This is just my opinion on how and why I would do it this way. I am not developing this, so the core-devs would have to make the final decision in this regards by my $.02 is:
It should be strict to ensure that the API layer never does actions it should not be doing. With Dgraph GraphQL, this is a little harder to see at first. But as I explained in my edit after thoughts above, the GraphQL implementation inside of Dgraph is just that, an API. It takes the GraphQL and rewrites it using rules into DQL. In an API layer, actions such as adjusting timestamps are not permitted. If it was, then any user would be able to adjust a timetamp willy-nilly. Think of it how it may be with other database and APIs. If a timestamp is automated by the databse, then the API uses that automation of the timestamps and does not allow writing to that through the API. And looking at the implementation I wrote above, if the _updatedAt field gets set in a rewriting process into the DQL mutation, then allowing a user to also set this _updatedAt predicate could result in writing two values and then the rewriting process becomes more complex with needing then to decide when not to add in the automated predicate if it is supplied by the user. But I think the issue goes deeper than this…
I believe a client->server synchronization should be different than a server->client synchronization. Hear me out. Right now there are no good implementation that I have found for offline GraphQL. The only things really out there is client side cache of GraphQL (ie: Apollo Client). To update the client cache with a source of truth, the client should first update the source of truth (server) and then with the response update the cache. Therefore a client->server sync is not really pushing the source of truth, but is setting pieces of truths and returns the source of truth for those pieces (that would contain the timestamps). For any server<->server syncs that needs to set these timestamps, that should be done using DQL live imports and rdf streams IMO.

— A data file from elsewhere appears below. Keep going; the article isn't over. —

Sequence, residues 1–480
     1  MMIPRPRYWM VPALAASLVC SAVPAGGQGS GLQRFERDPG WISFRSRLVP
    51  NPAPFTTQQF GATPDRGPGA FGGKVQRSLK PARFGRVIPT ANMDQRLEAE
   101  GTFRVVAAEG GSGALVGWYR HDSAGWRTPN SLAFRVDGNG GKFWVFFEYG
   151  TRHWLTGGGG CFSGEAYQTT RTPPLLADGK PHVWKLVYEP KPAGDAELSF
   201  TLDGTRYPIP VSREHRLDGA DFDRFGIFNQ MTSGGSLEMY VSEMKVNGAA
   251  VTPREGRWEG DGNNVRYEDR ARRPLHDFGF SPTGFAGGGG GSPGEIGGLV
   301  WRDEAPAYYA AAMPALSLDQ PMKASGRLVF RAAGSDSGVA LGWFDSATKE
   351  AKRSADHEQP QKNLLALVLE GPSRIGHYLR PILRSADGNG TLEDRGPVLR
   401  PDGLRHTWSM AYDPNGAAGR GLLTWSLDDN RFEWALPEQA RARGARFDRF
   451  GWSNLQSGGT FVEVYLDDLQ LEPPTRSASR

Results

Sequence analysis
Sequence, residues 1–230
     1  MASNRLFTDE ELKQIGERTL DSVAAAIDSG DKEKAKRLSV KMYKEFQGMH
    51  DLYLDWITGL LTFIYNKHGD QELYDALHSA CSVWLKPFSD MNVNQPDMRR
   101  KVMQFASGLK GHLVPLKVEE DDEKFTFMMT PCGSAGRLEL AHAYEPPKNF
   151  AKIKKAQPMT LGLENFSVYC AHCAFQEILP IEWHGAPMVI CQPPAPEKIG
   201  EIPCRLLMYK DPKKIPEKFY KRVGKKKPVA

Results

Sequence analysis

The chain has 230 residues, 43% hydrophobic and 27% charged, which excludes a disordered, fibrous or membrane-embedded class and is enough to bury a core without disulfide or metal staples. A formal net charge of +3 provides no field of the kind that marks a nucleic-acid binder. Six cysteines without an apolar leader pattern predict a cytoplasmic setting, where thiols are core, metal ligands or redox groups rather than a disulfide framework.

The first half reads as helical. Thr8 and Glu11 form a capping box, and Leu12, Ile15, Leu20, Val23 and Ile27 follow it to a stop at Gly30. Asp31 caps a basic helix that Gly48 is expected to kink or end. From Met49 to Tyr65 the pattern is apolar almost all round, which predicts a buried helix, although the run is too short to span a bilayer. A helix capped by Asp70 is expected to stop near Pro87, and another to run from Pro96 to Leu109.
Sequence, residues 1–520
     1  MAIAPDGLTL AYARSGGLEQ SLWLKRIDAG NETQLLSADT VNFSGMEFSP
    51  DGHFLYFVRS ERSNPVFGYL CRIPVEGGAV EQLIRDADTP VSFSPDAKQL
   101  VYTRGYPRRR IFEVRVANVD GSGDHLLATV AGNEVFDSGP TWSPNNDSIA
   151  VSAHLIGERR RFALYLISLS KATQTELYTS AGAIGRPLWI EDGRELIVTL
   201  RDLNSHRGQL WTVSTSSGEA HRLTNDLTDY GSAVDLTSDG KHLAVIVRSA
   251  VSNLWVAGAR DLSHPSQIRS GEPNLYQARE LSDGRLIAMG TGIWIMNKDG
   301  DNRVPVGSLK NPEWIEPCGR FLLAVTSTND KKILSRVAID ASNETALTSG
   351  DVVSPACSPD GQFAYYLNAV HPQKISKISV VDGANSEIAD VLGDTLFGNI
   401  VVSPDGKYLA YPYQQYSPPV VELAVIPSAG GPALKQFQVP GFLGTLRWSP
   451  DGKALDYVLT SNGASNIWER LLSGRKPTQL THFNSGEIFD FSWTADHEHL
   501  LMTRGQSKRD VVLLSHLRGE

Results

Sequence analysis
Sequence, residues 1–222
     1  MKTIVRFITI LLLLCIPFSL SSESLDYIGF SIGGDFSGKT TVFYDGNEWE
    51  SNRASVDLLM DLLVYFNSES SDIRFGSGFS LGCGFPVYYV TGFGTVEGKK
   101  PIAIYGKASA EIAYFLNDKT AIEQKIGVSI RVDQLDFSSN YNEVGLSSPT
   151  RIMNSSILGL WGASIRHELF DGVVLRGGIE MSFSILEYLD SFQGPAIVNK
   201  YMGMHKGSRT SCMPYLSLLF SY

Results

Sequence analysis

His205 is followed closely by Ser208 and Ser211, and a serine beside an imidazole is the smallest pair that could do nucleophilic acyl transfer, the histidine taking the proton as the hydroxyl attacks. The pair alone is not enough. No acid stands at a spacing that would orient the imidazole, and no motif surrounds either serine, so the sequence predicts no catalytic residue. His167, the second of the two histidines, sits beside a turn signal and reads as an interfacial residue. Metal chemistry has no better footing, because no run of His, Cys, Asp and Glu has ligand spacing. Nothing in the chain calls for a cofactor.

It would be interesting to see any implementation of client->server syncs where the client is collecting mutations and then running those in batches at a later point to perform sync. This would add more complications because the client would then be responsible for ensuring that there were no conflicts of unique ids and also require some sort of blank node implementation in GraphQL. I don’t think the GraphQL spec is ready yet for client->server sync.
For the time being, if you have a timestamp field you want to let the database control, let it control it, if you have a timestamp field that you want to control, then do so with a regular DateTime field as I stated above. This would get a timestamp feature into production quickly which could then be iterated upon for feature enhancements later.